PULLMAN, Wash. — John McNamara, professor and animal scientist at Washington State University, will receive the Corbin Companion Animal Biology Award at the 2007 annual meeting of the American Society of Animal Sciences in San Antonio, Texas, on July 9.
The award recognizes research and teaching in companion animal biology. McNamara developed one of the first senior-level companion animal classes in the United States.
McNamara’s senior-level companion animal class explores such topics as problems with pet nutrition, inbreeding disorders, pet overpopulation and the dog genome project. Students are required to develop a computer program to teach some aspect of the course to others.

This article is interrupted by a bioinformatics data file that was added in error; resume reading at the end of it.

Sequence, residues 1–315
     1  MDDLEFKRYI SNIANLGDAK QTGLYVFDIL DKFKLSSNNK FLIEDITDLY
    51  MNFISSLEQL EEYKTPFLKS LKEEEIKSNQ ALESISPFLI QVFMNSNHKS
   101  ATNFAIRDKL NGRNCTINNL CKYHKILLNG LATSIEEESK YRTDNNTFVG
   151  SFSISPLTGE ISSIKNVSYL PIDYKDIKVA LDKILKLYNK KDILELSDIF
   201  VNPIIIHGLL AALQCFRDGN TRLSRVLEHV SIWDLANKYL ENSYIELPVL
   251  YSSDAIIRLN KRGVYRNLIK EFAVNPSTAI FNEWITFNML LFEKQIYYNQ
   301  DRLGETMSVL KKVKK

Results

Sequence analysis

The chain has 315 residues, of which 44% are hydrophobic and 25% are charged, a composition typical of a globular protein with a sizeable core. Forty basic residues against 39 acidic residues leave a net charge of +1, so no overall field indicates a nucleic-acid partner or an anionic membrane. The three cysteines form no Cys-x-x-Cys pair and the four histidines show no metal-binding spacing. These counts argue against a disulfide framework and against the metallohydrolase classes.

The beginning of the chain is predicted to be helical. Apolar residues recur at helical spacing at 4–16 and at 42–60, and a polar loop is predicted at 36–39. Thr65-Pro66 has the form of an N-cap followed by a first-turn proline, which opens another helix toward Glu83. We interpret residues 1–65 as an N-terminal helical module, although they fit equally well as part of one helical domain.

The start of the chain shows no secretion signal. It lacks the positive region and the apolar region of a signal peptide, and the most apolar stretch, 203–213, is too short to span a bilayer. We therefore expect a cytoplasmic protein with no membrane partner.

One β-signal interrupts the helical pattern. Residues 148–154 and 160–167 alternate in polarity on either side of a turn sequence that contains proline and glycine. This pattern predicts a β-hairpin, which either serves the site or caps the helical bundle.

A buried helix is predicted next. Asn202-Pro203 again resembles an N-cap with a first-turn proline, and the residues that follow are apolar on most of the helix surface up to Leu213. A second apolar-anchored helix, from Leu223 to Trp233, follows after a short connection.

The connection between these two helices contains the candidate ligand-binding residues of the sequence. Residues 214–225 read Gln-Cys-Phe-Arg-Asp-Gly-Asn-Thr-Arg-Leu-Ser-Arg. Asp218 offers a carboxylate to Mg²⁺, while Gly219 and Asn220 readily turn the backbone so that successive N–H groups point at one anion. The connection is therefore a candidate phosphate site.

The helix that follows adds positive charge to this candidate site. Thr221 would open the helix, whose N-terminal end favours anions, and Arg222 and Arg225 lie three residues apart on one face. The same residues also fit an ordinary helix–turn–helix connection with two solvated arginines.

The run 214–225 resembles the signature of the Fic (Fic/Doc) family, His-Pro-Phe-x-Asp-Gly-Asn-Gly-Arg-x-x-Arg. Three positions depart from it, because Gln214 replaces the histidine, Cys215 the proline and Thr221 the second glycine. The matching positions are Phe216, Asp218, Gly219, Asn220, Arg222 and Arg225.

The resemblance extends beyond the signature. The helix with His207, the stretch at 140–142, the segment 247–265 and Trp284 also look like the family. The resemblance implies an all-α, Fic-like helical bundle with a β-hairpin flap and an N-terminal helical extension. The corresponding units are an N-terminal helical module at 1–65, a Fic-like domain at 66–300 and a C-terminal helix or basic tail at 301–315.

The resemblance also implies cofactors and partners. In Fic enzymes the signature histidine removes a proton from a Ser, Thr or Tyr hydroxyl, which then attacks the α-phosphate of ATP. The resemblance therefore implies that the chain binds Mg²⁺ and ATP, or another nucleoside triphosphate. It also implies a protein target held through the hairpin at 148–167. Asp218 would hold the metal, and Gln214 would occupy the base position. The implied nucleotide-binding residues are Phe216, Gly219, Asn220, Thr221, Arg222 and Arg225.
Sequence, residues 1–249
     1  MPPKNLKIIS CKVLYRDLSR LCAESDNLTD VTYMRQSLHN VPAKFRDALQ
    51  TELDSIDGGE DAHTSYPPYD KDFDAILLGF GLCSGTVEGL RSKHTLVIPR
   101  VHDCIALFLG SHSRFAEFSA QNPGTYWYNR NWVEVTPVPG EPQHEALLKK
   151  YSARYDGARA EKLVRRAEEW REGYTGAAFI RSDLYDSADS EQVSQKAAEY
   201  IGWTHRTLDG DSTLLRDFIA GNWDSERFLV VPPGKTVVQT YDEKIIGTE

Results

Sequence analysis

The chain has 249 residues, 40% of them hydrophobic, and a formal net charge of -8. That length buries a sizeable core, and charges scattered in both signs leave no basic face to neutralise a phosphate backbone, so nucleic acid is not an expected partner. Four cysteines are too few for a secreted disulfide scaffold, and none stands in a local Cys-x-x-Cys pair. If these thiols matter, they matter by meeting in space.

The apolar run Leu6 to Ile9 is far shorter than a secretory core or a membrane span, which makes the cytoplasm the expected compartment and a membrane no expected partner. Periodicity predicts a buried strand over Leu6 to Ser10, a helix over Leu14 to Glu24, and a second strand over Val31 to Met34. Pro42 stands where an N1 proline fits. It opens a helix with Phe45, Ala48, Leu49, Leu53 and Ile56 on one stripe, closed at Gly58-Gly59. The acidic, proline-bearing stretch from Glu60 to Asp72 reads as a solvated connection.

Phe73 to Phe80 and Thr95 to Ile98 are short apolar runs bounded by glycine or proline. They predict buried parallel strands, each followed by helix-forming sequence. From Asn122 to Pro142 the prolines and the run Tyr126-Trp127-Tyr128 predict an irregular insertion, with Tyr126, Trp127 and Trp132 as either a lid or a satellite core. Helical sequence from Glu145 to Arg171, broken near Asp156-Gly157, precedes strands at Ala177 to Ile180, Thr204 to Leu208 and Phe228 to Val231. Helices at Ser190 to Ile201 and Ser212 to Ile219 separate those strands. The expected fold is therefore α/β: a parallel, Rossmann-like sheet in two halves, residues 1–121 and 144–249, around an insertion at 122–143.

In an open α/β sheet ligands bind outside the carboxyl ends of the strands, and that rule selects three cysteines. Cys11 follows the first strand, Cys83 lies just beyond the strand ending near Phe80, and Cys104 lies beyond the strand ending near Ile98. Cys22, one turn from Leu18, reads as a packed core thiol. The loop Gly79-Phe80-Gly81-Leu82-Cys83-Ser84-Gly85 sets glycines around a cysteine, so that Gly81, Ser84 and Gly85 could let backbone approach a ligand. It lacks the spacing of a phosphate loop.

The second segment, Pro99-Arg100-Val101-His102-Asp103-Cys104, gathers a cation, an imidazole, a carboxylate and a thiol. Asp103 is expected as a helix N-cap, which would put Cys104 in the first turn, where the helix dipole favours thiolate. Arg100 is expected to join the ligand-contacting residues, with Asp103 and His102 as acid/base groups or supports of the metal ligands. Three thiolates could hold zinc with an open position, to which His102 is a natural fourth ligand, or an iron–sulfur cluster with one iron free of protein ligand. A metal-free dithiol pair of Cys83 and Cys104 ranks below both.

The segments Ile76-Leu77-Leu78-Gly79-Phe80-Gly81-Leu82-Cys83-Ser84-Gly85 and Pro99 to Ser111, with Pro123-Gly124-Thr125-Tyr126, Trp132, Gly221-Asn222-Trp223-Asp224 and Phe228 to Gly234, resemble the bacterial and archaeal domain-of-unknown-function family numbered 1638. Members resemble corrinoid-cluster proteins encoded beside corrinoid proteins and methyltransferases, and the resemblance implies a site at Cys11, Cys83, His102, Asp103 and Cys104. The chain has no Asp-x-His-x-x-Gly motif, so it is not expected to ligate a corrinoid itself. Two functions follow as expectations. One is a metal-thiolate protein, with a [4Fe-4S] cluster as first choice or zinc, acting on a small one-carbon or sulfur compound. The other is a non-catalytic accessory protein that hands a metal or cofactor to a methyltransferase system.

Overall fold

McNamara also developed a sophomore-level companion animal class on companion animal biology centered on nutrition.
More than 1,000 WSU students have enrolled in his companion animal classes over the past 18 years. He also serves as adviser of the Companion Animal Club.
He has authored or been co-author of more than 200 scientific publications in metabolic regulations of lactation. His textbook “Principles of Companion Animal Nutrition” is used by about 20 departments of animal sciences nationwide. His contributions in research and teaching have been recognized by the American Dairy Science Association, the WSU College of Agricultural, Human, and Natural Resource Sciences and the Washington Science Teachers Association.
McNamara has been on the WSU faculty for 24 years.
Boon Chew, professor and animal scientist at WSU, received the first Corbin award in 2002.
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